Certainly the difficulty of reconciling these two characters of the Messiah was great: yet, if the Pharisees had been duly attentive to all the prophetic representations of the Messiah, they would have known, that there was to be in him an union of the most opposite states, of life and death, of sufferings and glory; and that, consequently, the humble state of Christ, at which they took offence, was no reason at all for their disbelieving his divine mission. To shew them this, was the precise object of our blessed Lord in the question he put to them; and, in accordance with that design, I will shew,

    I. That the discordancies of Scripture are no bar to our believing in Christ—

    There are, no doubt, in Scripture, very discordant representations of the Messiah—
    [Of his person: he was to be the root, and yet the offspring of David, a little child, and yet the mighty God [Note: Isaiah 9:6; Matthew 22:43-45.Revelation 22:16.] — — — Of his reception in the world: he was to be an object of universal contempt and abhorrence; and yet to be universally admired and adored [Note: Isaiah 53:3; Isaiah 49:7; Psalms 22:6. with Psalms 72:8; Psalms 72:10-11.]. Of his end: he was to die an accursed death, and yet to live for ever and ever — — — But the Pharisees noticed only those passages of Scripture which flattered their pride, and raised their expectations of temporal grandeur; and therefore they were “offended” at Jesus, whose condition in the world was poor and mean, and, as they thought, irreconcileable with the office which he professed to bear.]

    Yet were these discordancies no just reason for their rejecting of Christ—
    [In fact, if these discordancies had not been found in him, he could not have been the Messiah predicted in the Scriptures. Their union therefore in him was rather a reason why the people should believe in him; since it fulfilled every part of the inspired records, and gave to him a claim, which no other person ever did, or could, possess. The miracles which he wrought were such a demonstrative proof of his divine mission as no reasonable being could withstand. And these miracles, taken in connexion with the strict accomplishment of so many, and so apparently opposite, predictions, left no room for doubt on any rational and candid mind, that Jesus was indeed the Christ, the Saviour of the world.]
    But my text leads me further to shew,


    That the union of these discordancies in Christ Jesus is the very foundation of all our hopes—

    If he had not been man, he could not have lived and died for us; as the Apostle says; “He was made lower than the angels for the suffering of death, that he by the grace of God should taste death for every man [Note: Hebrews 2:9.].” On the other hand,

    He must have been God, else nothing that he either did or suffered could have been available for our salvation—

    [Supposing him to have been a mere creature, his obedience could not merit any thing for us: for, “all that he could do would be no more than his bounden duty; and, having done it all, he would be only an unprofitable servant.” Nor could his sufferings make any atonement for our sins: for there is no proportion whatever between the sufferings of one creature for a time, and the sufferings of countless millions of creatures to all eternity. However exalted the creature might be; his blood could no more be available for the salvation of the whole world; than the blood of bulls and of goats; of which; we are told; it is not possible that it should take away sins [Note: Hebrews 10:4.].” Nor could his intercession be of any avail for us; seeing that he would have no effectual plea to urge in our behalf. Nor, in fact; could his appointment to govern the world secure to us the blessings we stand in need of; since; without omniscience; he could not know all our necessities; nor; without omnipotence could he supply them.]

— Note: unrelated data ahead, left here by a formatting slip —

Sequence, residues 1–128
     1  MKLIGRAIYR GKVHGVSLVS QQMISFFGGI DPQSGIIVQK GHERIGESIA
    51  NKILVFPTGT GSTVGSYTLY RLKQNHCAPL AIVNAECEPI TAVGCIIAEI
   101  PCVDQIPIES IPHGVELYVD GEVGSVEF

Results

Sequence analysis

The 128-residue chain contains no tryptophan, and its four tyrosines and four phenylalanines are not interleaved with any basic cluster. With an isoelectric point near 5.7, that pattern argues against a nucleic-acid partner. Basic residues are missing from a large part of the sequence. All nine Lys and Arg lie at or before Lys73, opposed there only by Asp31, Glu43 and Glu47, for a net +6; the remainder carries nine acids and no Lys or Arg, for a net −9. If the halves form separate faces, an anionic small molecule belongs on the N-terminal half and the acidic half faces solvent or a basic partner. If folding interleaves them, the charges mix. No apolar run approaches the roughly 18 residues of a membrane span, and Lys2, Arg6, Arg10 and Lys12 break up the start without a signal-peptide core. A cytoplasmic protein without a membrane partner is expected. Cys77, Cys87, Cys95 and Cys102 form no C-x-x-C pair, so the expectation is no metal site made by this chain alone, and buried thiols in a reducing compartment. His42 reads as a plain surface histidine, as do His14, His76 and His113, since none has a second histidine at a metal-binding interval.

But; being God as well as man; he is equal to the work he has undertaken for us—
    [His duty gives an infinite value both to his obedience and his sufferings; insomuch that his sufferings were a sufficient atonement for the sins of the whole world; and his obedience formed a sufficient righteousness for the justification of all who should be clothed with it. His intercession too; founded as it is in the efficacy of his atonement; is sure to prevail in our behalf; whilst; as Head over all things to his Church, he can supply out of his own fulness all who call upon him. In him; as God-man; there is such a sufficiency; that no man; however desperate his condition; has any reason to despond; nor; if with a penitent and believing heart he apply to Jesus; has he any reason to fear: for; Jesus “is able to save to the uttermost all who come unto God by him.”]


    In the parable of the Sower, our Lord said; “Take heed what ye hear;” and; “Take heed how ye hear.” Thus; in reference to my text; I would ask;

    1. “What think ye of Christ?”

    [Many alas! think not of him at all. Notwithstanding they call themselves Christians; Christ is as much banished from their conversation and from their minds; as if he had never come from heaven for them; and never borne their sins in his own body on the cross. God; as a Creator, is sometimes acknowledged; and sometimes; under particular providences; as the Governor of the world: but Christ, as a Redeemer, seems quite forgotten: and the very mention of him under that character is sufficient to cast a damp upon all social hilarity; and to bring reproach upon his advocate as an unmannerly enthusiast. But; beloved brethren; we should make ourselves acquainted with the character of Christ as revealed in the prophecies of the Old Testament; and as exhibited in the records of the New Testament. We should view him as “God manifest in the flesh,” and “purchasing the Church with his own blood.” We should view him in his person, work, and offices: for if we know him not as he is delineated in the Scriptures of truth, we can never truly believe in him, nor can we ever finally be saved by him. I charge you then, brethren, to inquire carefully what ye think of Christ, and to compare your thoughts with the revelation of God concerning him.]